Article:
Northamptonshire village pub landlady goes viral with tweet highlighting why cost of living crisis has forced her to abandon boozer

"Have to laugh when people ask why I'm giving up my pub, you know, 'The Village Goldmine'. Well, hun, this quarterly gas bill should answer that question."

By Logan MacLeod
Thursday, 9th June 2022, 11:15 am
Updated Thursday, 9th June 2022, 3:06 pm

A Northamptonshire village pub landlady has gone viral after nearly a million people saw her tweet about how the cost of living crisis has forced her to abandon her boozer.

Miranda Clare has been running The Live and Let Live in Harpole for four years but decided in February that it was time to call it a day. She is set to call her final last orders at 'The Live' on July 21.

The 48-year-old tweeted on Monday (June 6) outlining just why she has decided to give the pub up.

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The tweet reads: "Have to laugh when people ask why I'm giving up my pub, you know, 'The Village Goldmine'. Well, hun, this quarterly gas bill should answer that question."

Miranda's gas bill has more than doubled, going from £3,000 per quarter to a nearly £8,000. Her electricity bill is £20,000 per quarter and it is now costing her £5,000 a week just to open her doors.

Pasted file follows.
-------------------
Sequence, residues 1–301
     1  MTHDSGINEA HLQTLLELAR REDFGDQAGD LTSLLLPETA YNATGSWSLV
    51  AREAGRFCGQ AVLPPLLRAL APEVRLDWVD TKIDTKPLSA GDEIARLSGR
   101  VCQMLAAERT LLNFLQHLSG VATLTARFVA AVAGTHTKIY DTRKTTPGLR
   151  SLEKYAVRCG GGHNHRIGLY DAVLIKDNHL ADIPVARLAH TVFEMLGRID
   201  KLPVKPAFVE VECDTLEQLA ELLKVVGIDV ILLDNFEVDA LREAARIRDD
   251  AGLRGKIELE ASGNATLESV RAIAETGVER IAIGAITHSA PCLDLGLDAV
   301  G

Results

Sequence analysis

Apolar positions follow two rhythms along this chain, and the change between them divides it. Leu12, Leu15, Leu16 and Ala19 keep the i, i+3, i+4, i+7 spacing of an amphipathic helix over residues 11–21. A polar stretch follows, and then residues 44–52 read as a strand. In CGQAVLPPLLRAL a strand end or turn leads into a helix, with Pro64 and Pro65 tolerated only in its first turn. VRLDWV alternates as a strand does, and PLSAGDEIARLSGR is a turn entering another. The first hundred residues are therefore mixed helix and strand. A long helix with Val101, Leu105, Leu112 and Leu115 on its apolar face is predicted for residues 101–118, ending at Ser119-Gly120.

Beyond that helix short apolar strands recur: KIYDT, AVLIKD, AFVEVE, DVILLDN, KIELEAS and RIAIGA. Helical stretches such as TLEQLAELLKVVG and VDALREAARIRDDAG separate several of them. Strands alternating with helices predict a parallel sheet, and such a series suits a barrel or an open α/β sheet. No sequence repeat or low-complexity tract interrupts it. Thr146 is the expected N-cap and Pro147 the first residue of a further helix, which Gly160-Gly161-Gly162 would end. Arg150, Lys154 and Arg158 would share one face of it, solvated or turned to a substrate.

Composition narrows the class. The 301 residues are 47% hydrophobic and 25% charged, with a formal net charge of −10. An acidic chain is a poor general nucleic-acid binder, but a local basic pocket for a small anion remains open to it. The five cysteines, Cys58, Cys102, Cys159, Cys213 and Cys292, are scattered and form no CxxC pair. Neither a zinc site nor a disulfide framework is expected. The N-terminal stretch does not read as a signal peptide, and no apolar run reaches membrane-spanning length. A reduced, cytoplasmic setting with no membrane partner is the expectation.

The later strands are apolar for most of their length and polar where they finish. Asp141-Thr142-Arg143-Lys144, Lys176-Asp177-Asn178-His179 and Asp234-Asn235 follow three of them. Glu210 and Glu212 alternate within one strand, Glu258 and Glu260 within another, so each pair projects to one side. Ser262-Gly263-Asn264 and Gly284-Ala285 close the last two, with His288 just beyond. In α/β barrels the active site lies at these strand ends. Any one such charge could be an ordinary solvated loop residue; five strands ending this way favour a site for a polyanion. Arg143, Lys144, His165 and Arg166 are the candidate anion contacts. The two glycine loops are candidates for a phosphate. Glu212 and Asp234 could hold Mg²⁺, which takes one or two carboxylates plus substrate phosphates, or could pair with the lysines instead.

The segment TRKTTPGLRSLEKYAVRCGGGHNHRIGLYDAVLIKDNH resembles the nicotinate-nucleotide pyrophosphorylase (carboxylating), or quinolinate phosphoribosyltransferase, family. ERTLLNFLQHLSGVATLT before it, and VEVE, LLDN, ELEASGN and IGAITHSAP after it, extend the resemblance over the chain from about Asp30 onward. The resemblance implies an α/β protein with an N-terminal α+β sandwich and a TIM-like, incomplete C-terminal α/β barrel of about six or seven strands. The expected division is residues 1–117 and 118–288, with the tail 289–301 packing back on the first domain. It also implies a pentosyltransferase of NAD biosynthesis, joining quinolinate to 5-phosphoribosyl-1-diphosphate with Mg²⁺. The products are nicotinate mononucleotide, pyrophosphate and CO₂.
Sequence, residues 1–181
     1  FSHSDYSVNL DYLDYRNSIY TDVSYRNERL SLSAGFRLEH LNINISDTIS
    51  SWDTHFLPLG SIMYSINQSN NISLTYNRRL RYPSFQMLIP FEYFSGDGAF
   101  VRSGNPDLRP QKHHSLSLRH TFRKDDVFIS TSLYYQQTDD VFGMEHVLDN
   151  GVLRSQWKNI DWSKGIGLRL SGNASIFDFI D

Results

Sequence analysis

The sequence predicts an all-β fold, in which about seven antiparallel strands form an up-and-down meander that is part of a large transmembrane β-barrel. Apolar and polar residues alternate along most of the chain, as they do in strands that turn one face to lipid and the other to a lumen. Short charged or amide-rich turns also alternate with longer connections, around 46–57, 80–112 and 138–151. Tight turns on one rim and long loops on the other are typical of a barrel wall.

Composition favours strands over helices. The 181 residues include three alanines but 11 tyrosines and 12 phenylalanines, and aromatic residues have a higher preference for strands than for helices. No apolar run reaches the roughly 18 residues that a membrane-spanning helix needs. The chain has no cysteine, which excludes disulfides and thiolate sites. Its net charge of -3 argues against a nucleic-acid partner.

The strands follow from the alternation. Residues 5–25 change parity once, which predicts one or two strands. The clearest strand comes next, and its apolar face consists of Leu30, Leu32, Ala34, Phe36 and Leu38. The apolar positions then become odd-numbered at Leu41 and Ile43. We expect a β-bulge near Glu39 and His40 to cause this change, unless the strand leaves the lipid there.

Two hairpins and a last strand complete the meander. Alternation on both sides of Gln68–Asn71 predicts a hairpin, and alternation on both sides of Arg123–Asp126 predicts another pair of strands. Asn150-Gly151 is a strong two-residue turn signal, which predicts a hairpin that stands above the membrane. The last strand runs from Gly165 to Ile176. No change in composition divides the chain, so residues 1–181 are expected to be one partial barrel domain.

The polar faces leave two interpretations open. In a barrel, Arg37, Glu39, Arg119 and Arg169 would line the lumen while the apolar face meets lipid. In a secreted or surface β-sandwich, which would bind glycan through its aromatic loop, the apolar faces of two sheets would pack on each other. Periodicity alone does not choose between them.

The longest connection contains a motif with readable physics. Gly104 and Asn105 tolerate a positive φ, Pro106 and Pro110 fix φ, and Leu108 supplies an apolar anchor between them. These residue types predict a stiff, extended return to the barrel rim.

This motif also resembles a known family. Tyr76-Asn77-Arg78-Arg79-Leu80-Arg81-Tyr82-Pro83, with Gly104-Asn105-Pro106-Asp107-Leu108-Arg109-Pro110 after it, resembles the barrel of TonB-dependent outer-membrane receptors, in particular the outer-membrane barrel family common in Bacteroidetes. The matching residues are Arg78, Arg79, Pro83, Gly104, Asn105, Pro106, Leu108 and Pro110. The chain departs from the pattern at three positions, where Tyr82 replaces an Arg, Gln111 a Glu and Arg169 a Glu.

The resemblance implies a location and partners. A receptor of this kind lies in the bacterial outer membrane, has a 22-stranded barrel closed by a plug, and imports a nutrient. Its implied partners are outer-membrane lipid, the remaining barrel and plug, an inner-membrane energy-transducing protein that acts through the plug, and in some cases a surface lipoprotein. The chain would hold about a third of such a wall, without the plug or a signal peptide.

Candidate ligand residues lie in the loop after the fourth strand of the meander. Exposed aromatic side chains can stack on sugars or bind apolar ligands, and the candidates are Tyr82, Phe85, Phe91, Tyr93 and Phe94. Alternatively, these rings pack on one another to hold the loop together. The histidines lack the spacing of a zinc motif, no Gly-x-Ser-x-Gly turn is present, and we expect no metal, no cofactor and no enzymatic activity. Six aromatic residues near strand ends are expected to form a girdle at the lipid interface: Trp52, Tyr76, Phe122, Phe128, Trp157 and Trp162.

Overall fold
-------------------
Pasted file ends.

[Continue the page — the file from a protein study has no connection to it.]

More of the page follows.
In just two days, Miranda's tweet has been seen by 760,000 people at the time of writing (Wednesday), liked 6,100 times, and retweeted 1,700 times.

Reacting to going viral, Miranda said: "It's gone to lots of communities and the general vibe is, 'Christ, this is what small businesses are facing. And that's why it's just gone as mad as it has, because this is life, it is reality right now.

Miranda Clare is set to leave The Live and Let Live in Harpole due to the cost of living crisis

"I'm lucky if I'm clearing enough to open the doors, let alone buy beer. That's the harsh reality.

"Covid, we got through it, I was determined to. But the cost of living now, we are dealing with the public and the public have their own cost of living to think of, too. Everybody's home bills have gone up so when you're making that choice about going out, of course you don't.

"In the domestic world there are energy caps. We don't have caps in business, my bills will just continue to rise.

"There are hundreds of people in the same position as me up and down the country, they're all slowly sinking. People who run very successful businesses are going to be bankrupt by the end of the year. That's really sad.

"The pub industry has been nothing but hammered in the last three years, every step we take we are hammered. The bigger chains will survive but the smaller community ones, they are not going to be able to cut it."

What effect will the loss of smaller pubs have on their local communities?

Miranda said: "Without local pubs communities don't engage with each other.

"We've been here before with the recession in 2008, we'll come out the other side of it, will it look the same? No it won't, at all. I think people have just got to be prepared for that."

Could the government help?

Miranda said: "I don't think enough is done or said to these major fuel companies which are making major profits left, right and centre. I think that's the shocking thing.

"Also, why aren't businesses given a lot more encouragement to using solar energy? Why are we not given the tools and the means to be more sustainable?"